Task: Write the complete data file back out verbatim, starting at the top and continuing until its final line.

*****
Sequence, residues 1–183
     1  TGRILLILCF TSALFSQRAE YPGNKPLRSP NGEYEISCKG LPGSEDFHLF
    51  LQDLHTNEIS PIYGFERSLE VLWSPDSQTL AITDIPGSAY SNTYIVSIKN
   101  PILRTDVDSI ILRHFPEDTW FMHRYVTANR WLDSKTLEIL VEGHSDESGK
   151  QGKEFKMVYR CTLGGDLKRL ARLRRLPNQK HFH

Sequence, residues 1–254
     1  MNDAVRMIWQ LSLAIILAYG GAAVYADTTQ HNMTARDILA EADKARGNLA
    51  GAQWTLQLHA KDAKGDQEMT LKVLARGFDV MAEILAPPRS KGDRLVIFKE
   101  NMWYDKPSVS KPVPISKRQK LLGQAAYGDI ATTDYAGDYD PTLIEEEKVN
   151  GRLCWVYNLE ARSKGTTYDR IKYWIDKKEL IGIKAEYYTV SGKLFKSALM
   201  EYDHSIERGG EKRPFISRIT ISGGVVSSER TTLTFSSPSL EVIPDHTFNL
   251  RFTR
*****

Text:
Sequence, residues 1–183
     1  TGRILLILCF TSALFSQRAE YPGNKPLRSP NGEYEISCKG LPGSEDFHLF
    51  LQDLHTNEIS PIYGFERSLE VLWSPDSQTL AITDIPGSAY SNTYIVSIKN
   101  PILRTDVDSI ILRHFPEDTW FMHRYVTANR WLDSKTLEIL VEGHSDESGK
   151  QGKEFKMVYR CTLGGDLKRL ARLRRLPNQK HFH

Sequence, residues 1–254
     1  MNDAVRMIWQ LSLAIILAYG GAAVYADTTQ HNMTARDILA EADKARGNLA
    51  GAQWTLQLHA KDAKGDQEMT LKVLARGFDV MAEILAPPRS KGDRLVIFKE
   101  NMWYDKPSVS KPVPISKRQK LLGQAAYGDI ATTDYAGDYD PTLIEEEKVN
   151  GRLCWVYNLE ARSKGTTYDR IKYWIDKKEL IGIKAEYYTV SGKLFKSALM
   201  EYDHSIERGG EKRPFISRIT ISGGVVSSER TTLTFSSPSL EVIPDHTFNL
   251  RFTR